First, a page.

We seem to have a need to create encoded in our DNA. One of the things that separates us from the higher order primates is that we create things that create other things. Birds make nests and the great apes may make tools of sorts, but humans make things that transform the world around us. Robotics, AI and the exponential growth of digital technologies will accelerate the pace at which the things we make start to make other things.
Our hereditary imperative to make will evolve from creating things to recreating ourselves. The wise man, Homo sapiens, is also “Man the Maker” – Homo faber. We will continue to make things, places, and experiences, and turn those creations toward ourselves to make us faster, smarter, stronger, healthier and older, emerging as “Homo Cumulates,” or “Augmented Man.”
While we have changed in many ways over the centuries, the drive to seek opportunities to make, and find joy in it, has not abated. Our palettes have changed and canvases transformed, but the intention to say something with our creations has not changed.
The energy wielded by the hand in making is our life force. It is an extension of our inner-world and as we create, our metaphysical minds become physical. Our brains and the environment are continually in a dialogue, exchanging information and energy to help craft experience in our minds. Nobel Prize winning scientist Eric Kandel said the “brain is a creativity machine, which obtains incomplete information from the outside world and completes it.” In making, things and places come to life, and as we shape the world around us, we are, in turn, shaped. This is the basis for a fascinating area of study called “Ontological Design.”
By creating the products we buy and participating in the crafting of brand experiences, we invest ourselves in the process and those products become more intimately tied to who we are. There is more than just a sense of ownership in the products that customers make themselves. As we make things, a little bit of ourselves is transferred to our creations. When people say “put yourself into it,” you literally do. You expend energy when you make, transferring it to the objects coming to life from your hands. Making is empowering because during the act of creating, we control and mold our world to reflect our dreams. In making, we express the truest sense of who we are
Today, a generation of tech-savvy consumers engages in the process of making by way of an endless linking of ones and zeros. Digital life-streams are made and shared throughout the world. A continuously updated stream of data archives one’s needs and wants, values, habits and aspirations, creating the story of one’s life. Media creation is becoming a lexicon that emerging customers are increasingly using to express themselves as well as being a vehicle for relationship with a brand.
The creating of experience, not just observing the unfolding of it, will be a game-changer for both the consumer of brand experiences and those that provide them. Digitally driven customers have an ever-increasing facility with crafting their everyday life experiences. Capturing the world around them as digital content to be edited and posted to social network sites is making each of them savvy, media manipulators and producers of their lives as digital docudramas. Their self-perception can be both created and reinforced by how they repeatedly see themselves in relation to the real and digital world.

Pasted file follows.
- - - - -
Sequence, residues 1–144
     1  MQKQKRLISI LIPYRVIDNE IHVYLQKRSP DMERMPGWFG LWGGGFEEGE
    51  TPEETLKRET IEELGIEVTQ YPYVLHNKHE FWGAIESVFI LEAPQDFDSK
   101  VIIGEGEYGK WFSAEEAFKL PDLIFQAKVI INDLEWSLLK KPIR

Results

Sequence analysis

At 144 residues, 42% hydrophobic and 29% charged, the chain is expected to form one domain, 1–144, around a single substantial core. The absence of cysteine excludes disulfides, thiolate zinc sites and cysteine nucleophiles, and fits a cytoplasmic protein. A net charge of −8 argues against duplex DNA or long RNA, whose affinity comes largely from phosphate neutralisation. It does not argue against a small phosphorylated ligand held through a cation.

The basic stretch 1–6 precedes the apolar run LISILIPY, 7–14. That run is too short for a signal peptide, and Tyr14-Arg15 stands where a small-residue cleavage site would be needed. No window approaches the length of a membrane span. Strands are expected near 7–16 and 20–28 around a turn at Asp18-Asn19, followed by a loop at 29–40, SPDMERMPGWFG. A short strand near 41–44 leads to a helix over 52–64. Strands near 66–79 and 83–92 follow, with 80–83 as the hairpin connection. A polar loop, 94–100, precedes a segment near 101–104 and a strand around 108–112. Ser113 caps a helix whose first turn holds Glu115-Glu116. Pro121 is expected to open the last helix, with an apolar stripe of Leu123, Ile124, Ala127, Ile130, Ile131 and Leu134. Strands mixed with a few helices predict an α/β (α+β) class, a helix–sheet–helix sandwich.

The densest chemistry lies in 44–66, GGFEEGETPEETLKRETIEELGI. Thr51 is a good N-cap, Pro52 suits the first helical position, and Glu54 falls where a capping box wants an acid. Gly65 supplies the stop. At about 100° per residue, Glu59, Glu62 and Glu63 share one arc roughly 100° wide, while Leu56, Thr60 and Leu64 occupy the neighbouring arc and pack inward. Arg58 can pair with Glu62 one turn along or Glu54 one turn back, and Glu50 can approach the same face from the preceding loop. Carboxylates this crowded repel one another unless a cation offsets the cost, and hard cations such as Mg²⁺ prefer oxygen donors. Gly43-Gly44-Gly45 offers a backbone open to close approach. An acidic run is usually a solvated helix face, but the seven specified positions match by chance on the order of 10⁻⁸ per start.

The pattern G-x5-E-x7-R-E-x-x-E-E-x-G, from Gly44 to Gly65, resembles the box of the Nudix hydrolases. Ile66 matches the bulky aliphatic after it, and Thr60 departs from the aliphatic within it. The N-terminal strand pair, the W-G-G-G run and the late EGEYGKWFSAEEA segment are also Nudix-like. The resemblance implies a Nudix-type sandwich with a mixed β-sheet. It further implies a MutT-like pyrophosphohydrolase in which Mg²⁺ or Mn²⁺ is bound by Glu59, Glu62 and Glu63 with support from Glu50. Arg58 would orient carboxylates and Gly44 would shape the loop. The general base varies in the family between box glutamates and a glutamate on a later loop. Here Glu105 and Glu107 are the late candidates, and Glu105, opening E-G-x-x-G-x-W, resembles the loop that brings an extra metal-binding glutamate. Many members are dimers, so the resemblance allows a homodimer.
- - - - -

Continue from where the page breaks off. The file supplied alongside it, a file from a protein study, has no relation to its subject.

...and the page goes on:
As handheld devices with high-resolution image capability become ubiquitous, sharing our life stories in pictures is becoming embedded in our culture because it feels empowering. Making image-based content for rebroadcast is also going to have a dramatic impact on the design of customer experience places. The facility with crafting digital content for telling the stories of our lives will transcend the handheld device and extend our sense of empowerment to our expectations about how we interact with brands and the places where we connect to them. Moving from manipulating content on my digital device to using personal technologies to morph the physical conditions of an environment is not as farfetched as you would think.
Imagine a shopping place where each customer creates part, or maybe all, of the shopping experience. While this is only happening today in small ways with the creation of customized products, it may well be that in the future, customers will be able to modulate the entire shopping environment. Allowing customers to have a say in how the environment unfolds along the shopping trip may also be a way for them to offset the feeling of being overwhelmed by an ever-increasing number of product choices and places to buy.
Customers love being empowered and having a say in what they are doing. “Trying and buying” makes the experience more fun and more meaningful. If retailers and brands change customer experiences so they’re based on more than product depth and price, they will engage the customer in making the experience on his or her own terms. When people get involved in this sort of interaction, it is intrinsically more relevant, validating and empowering.
An emerging guest sees the world of experience through the screen of their mobile device, now more frequently than ever. As they capture, edit and rebroadcast images of their customer experiences, they directly participate in the telling of the brand story; they become an integral part in the making of it. Creating for these emerging guests, albeit digitally enabled, is a natural evolution of who are. Those brands who embrace our need to make will shift experience from simple consumption to collaboratively making brand experience moments that matter.